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Are barking dogs a part of country life?

by Larry S. Chowning

On June 21 the Middlesex County Board of Supervisors tabled action on adding verbiage to include “domestic animal noises” in the county’s animal nuisance ordinance.

The issue surfaced after Middlesex General District Court Judge Jeffrey W. Shaw dismissed charges that involved barking dogs.

On June 17, Judge Shaw ruled the county ordinance does not define the term “public nuisance” and does not specifically reference “barking dogs .”

In his ruling, Judge Shaw wrote, “The court holds that the [Middlesex] public nuisance ordinance is unconstitutionally vague as it relates to prohibiting barking dogs.”

Middlesex County Attorney Mike Soberick said county animal control officer Ricky Warren proposed wording changes to attempt to better define “nuisance animal noises.” The proposed changes included barking, howling or other nuisance sounds that are disturbing to neighbors living in close proximity.

Two neighbors of the Locust Hill area became embroiled in a bitter dispute over one of the neighbor’s dogs allegedly “constantly” barking.

The county took the owner of the barking dogs to court based on the neighbor’s complaint. The neighbor claimed the barking dogs were interfering with his family’s sleep. Judge Shaw dismissed the case due to the vague county ordinance.

At the June 21 supervisors’ meeting, the proposal to quiet barking dogs sparked a cultural debate related to urban versus country life.

James McBride of Locust Hill said his neighbor has a dog kennel across the road from him that consists of 13 wire cages, dirt floors and numerous dogs that bark 24 hours a day. 

“My wife lost her job because she couldn’t sleep, and I’ve lost my health because the barking has about driven me crazy,” said McBride. “My constitutional rights to sleep and not having to listen to this [barking] have been violated. We need to have rules preventing this and we need to get into the 21st century.”

Edward Harrow of Deltaville cautioned supervisors about passing an ordinance that attempts to control barking dogs. “Why are we getting involved in this?” he asked. “If the man is trying to keep a good kennel and abides by all the laws, why are we involved in this?

“I think this (proposed changes) needs to be revisited,” continued Harrow. “How are you going to determine what a nuisance is? If a dog barks 10 minutes, is that disturbing? If it barks an hour, is that disturbing? You’ve got a lot to consider here.”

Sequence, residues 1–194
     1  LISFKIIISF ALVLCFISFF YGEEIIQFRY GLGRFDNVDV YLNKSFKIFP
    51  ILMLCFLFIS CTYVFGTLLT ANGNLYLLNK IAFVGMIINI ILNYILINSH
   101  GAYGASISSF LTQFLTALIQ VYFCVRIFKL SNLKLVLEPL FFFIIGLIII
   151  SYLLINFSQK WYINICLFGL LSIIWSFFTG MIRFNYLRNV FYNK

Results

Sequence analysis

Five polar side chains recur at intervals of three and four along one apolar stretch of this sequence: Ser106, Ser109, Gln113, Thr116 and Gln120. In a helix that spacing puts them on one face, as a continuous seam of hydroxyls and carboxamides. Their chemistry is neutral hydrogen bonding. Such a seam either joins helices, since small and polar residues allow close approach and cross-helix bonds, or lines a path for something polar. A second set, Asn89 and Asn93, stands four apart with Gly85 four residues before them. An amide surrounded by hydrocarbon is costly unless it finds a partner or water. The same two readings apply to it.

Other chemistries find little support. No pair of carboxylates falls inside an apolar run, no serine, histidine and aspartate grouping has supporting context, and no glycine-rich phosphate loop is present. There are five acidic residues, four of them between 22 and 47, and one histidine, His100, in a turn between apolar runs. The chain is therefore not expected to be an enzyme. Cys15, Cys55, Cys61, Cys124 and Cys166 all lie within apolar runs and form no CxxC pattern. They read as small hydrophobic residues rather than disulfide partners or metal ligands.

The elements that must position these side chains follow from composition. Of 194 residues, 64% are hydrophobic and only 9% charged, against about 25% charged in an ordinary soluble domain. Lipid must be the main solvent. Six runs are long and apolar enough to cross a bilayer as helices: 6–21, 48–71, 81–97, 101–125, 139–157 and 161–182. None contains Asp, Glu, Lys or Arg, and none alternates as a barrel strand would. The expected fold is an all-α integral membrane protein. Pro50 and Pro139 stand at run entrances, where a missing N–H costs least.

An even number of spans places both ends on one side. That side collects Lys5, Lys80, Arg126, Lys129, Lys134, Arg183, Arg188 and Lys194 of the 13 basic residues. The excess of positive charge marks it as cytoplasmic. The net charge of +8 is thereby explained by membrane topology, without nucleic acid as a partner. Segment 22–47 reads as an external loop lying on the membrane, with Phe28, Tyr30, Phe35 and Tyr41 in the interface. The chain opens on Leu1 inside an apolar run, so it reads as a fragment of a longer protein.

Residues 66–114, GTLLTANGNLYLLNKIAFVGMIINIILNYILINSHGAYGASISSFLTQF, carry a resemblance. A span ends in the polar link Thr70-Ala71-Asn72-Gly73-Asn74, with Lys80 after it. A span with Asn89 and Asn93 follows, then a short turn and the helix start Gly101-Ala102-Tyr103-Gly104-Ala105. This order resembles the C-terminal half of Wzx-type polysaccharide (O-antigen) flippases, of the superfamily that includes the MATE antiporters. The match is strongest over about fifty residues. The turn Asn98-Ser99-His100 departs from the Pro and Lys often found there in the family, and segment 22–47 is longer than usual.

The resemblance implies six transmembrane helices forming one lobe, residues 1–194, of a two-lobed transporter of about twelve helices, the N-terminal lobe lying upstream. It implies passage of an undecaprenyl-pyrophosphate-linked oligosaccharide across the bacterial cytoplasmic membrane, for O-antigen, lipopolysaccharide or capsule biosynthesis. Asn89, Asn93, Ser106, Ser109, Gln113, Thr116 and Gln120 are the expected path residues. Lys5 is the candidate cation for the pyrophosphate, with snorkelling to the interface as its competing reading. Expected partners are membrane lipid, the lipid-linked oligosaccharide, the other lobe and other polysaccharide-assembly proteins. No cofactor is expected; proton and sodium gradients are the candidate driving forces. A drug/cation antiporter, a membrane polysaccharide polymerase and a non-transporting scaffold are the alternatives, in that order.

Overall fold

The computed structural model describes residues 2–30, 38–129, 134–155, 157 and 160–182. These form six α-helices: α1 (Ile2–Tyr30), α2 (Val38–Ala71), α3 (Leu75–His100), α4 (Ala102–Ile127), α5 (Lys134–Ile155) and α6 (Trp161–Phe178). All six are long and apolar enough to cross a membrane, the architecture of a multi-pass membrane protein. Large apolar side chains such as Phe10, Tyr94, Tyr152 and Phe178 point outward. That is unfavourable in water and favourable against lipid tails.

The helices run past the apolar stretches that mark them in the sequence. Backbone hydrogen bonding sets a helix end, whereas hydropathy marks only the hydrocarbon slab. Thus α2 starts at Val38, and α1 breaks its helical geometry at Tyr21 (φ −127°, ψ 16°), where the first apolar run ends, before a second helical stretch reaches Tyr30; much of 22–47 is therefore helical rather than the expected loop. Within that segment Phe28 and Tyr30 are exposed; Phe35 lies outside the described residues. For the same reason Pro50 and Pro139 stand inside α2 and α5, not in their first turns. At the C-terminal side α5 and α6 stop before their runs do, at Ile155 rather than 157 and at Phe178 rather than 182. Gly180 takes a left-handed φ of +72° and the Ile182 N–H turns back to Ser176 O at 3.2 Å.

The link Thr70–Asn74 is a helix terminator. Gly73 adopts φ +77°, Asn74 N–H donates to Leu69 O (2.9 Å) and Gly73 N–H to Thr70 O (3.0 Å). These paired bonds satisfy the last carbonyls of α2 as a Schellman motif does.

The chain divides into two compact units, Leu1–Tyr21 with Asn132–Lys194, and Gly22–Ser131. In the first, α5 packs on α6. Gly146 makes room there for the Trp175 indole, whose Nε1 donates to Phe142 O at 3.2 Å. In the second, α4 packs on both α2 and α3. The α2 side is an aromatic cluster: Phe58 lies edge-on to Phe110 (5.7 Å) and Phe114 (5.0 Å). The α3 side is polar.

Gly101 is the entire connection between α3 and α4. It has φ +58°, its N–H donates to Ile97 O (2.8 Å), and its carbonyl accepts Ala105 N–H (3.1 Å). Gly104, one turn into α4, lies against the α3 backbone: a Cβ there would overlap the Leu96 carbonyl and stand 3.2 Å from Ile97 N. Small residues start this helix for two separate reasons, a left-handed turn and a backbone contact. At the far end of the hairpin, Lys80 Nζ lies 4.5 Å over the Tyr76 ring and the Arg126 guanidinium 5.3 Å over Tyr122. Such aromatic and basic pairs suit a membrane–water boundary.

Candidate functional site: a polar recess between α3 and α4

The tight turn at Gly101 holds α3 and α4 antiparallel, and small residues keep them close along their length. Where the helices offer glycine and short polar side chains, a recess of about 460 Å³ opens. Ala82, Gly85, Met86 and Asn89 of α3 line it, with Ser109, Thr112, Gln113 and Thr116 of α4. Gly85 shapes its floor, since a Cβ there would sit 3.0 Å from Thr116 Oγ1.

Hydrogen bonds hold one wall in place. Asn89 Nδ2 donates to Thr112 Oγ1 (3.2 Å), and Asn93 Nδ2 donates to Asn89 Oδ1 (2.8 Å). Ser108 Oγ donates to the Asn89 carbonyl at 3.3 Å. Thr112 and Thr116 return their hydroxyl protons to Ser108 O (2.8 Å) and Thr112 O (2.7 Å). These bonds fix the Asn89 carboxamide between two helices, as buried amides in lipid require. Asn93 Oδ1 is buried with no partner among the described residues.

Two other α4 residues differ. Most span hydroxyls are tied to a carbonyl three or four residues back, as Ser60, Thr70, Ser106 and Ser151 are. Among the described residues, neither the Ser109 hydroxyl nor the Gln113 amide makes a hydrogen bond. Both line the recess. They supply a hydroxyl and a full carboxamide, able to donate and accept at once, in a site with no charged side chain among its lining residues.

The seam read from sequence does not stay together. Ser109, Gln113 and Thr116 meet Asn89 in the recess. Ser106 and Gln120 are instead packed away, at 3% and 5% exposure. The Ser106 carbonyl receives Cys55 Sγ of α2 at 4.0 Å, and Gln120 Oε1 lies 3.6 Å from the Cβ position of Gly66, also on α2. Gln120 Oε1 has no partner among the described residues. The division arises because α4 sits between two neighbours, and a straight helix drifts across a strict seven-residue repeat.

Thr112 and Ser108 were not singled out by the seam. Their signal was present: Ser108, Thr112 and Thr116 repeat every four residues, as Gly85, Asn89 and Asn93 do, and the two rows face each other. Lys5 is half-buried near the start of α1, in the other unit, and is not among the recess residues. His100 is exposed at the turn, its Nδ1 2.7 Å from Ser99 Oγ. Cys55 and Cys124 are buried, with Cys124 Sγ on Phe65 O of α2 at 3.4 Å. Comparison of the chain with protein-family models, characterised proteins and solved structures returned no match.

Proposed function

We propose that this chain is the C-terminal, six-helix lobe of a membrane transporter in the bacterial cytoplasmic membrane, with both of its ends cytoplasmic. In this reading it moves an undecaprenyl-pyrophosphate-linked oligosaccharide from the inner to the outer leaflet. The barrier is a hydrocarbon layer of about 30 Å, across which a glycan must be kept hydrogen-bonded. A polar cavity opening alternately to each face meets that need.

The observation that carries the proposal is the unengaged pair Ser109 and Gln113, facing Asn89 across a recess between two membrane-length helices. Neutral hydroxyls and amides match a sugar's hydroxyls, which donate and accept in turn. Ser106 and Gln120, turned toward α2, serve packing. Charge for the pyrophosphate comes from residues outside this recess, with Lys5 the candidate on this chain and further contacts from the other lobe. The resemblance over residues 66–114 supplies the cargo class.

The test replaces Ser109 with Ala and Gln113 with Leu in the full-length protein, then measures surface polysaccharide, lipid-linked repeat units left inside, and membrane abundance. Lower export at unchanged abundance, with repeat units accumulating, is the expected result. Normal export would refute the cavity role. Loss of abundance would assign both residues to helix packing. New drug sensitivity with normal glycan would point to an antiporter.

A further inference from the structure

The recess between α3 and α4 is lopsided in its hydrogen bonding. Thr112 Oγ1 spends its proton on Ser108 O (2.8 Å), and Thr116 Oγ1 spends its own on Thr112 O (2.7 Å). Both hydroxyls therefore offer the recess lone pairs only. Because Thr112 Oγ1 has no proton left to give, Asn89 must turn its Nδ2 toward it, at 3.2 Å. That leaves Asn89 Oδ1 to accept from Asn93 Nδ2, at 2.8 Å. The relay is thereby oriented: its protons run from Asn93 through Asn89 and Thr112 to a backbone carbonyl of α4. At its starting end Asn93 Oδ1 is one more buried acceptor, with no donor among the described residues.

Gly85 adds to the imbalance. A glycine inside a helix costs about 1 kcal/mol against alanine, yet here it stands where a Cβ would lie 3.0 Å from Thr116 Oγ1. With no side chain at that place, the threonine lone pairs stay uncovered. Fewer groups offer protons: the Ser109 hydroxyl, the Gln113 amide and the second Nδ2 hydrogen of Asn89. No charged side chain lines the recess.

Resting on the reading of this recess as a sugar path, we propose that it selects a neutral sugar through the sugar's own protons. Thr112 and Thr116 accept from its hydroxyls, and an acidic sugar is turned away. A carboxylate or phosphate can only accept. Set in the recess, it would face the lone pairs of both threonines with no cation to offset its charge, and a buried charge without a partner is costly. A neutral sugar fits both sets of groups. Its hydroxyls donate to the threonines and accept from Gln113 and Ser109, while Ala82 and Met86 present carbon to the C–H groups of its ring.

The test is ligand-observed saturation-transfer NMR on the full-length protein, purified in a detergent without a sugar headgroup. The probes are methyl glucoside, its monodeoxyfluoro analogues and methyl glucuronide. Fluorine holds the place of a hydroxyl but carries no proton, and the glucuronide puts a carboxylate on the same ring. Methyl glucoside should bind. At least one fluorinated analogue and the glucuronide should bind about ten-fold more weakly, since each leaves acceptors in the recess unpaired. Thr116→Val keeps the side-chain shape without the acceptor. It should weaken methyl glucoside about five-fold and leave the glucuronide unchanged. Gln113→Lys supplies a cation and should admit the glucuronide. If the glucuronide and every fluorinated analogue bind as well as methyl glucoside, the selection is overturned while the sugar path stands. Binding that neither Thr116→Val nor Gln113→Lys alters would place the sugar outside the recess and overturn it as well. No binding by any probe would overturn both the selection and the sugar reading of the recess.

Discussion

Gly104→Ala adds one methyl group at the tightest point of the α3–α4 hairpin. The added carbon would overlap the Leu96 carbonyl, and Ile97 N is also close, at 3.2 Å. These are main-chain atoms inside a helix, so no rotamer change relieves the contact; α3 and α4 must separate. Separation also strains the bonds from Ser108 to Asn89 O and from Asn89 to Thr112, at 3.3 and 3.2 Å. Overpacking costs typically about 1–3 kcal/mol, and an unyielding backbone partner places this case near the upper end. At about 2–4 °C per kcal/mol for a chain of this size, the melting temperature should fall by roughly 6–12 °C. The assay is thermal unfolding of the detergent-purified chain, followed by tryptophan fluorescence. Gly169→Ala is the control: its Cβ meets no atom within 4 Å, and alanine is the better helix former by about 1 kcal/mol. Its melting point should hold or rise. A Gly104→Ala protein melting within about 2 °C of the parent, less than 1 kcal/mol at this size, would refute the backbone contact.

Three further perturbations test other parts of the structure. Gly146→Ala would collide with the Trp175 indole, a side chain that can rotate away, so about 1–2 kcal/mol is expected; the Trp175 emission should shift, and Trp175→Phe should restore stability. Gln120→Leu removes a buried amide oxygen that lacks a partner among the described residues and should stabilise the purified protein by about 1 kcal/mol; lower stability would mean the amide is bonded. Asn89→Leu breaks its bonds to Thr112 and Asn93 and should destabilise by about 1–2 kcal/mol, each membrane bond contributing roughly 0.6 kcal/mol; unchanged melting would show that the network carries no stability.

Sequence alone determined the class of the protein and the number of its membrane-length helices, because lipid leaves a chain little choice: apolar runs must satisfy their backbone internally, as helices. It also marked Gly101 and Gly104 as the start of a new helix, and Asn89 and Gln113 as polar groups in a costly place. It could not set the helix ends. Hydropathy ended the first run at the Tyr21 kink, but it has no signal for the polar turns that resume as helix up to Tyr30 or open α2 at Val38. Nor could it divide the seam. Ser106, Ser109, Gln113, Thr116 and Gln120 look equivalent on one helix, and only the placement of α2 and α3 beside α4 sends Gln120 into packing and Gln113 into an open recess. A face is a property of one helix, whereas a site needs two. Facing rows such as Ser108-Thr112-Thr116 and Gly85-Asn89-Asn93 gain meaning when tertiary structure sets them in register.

In his June 17 ruling, Judge Shaw noted Gloucester’s public nuisance ordinance specifically references barking dogs, and makes it unlawful for a dog owner to allow “excessive or continuous barking audible outside the perimeters of the owner’s property.”

Edward Milby noted Middlesex County is a rural area and dogs bark in rural areas. “I can hear them from far away at my home, but it does not bother me,” he said. “That’s part of living in the country. If people don’t like it, they need to move back to Newport News or Richmond or wherever they came from. If you don’t like barking dogs, don’t come to Middlesex County! Don’t come to King and Queen County! Dogs are always going to bark and we have a lot of dogs in this county.”

Jamaica District supervisor Wayne Jessie noted that his district is in the western end of the county and is extremely rural. He said he can hear dogs barking and other sounds from miles away.

“Dogs are going to bark,” said Jessie. “We live in the country and these are common sounds here. How can you control dogs barking? I don’t think you can. I don’t think this will work.”

Pinetop District supervisor Fred Crittenden said, “It’s utterly ridiculous to waste our time and the time of citizens who are here over this matter when there are so many other things that we need to be doing.

“We live in a rural county where people have dogs and dogs bark!” Crittenden continued. “We need to get rid of some of the words in these ordinances rather than add more words.”

Supervisors voted unanimously to table the matter.

posted 07.06.2011

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